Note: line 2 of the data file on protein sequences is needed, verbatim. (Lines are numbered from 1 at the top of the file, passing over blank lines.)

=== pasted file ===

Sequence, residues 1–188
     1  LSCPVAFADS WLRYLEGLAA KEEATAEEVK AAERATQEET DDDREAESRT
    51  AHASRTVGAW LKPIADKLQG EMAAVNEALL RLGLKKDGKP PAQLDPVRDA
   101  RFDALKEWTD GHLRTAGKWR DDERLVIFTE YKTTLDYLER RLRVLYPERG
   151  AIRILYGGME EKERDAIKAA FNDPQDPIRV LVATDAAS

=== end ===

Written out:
     1  LSCPVAFADS WLRYLEGLAA KEEATAEEVK AAERATQEET DDDREAESRT